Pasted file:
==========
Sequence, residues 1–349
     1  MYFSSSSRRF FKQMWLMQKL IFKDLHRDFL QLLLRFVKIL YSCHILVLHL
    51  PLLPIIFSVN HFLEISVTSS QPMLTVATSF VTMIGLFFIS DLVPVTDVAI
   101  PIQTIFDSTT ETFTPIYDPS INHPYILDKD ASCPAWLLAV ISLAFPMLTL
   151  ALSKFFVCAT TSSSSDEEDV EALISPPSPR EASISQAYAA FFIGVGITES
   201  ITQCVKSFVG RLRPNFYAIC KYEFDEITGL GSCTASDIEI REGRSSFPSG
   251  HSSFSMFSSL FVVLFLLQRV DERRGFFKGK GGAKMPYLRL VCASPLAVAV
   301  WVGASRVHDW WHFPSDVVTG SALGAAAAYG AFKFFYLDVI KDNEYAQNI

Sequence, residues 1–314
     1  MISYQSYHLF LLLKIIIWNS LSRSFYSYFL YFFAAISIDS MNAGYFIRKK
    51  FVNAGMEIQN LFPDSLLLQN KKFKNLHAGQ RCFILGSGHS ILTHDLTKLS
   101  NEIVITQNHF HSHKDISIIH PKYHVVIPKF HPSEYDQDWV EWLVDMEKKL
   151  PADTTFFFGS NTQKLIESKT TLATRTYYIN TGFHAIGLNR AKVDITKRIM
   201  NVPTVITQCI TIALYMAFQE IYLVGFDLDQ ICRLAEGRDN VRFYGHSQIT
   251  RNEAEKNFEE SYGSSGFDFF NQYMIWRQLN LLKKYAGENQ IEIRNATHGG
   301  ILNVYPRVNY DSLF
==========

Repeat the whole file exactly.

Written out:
Sequence, residues 1–349
     1  MYFSSSSRRF FKQMWLMQKL IFKDLHRDFL QLLLRFVKIL YSCHILVLHL
    51  PLLPIIFSVN HFLEISVTSS QPMLTVATSF VTMIGLFFIS DLVPVTDVAI
   101  PIQTIFDSTT ETFTPIYDPS INHPYILDKD ASCPAWLLAV ISLAFPMLTL
   151  ALSKFFVCAT TSSSSDEEDV EALISPPSPR EASISQAYAA FFIGVGITES
   201  ITQCVKSFVG RLRPNFYAIC KYEFDEITGL GSCTASDIEI REGRSSFPSG
   251  HSSFSMFSSL FVVLFLLQRV DERRGFFKGK GGAKMPYLRL VCASPLAVAV
   301  WVGASRVHDW WHFPSDVVTG SALGAAAAYG AFKFFYLDVI KDNEYAQNI

Sequence, residues 1–314
     1  MISYQSYHLF LLLKIIIWNS LSRSFYSYFL YFFAAISIDS MNAGYFIRKK
    51  FVNAGMEIQN LFPDSLLLQN KKFKNLHAGQ RCFILGSGHS ILTHDLTKLS
   101  NEIVITQNHF HSHKDISIIH PKYHVVIPKF HPSEYDQDWV EWLVDMEKKL
   151  PADTTFFFGS NTQKLIESKT TLATRTYYIN TGFHAIGLNR AKVDITKRIM
   201  NVPTVITQCI TIALYMAFQE IYLVGFDLDQ ICRLAEGRDN VRFYGHSQIT
   251  RNEAEKNFEE SYGSSGFDFF NQYMIWRQLN LLKKYAGENQ IEIRNATHGG
   301  ILNVYPRVNY DSLF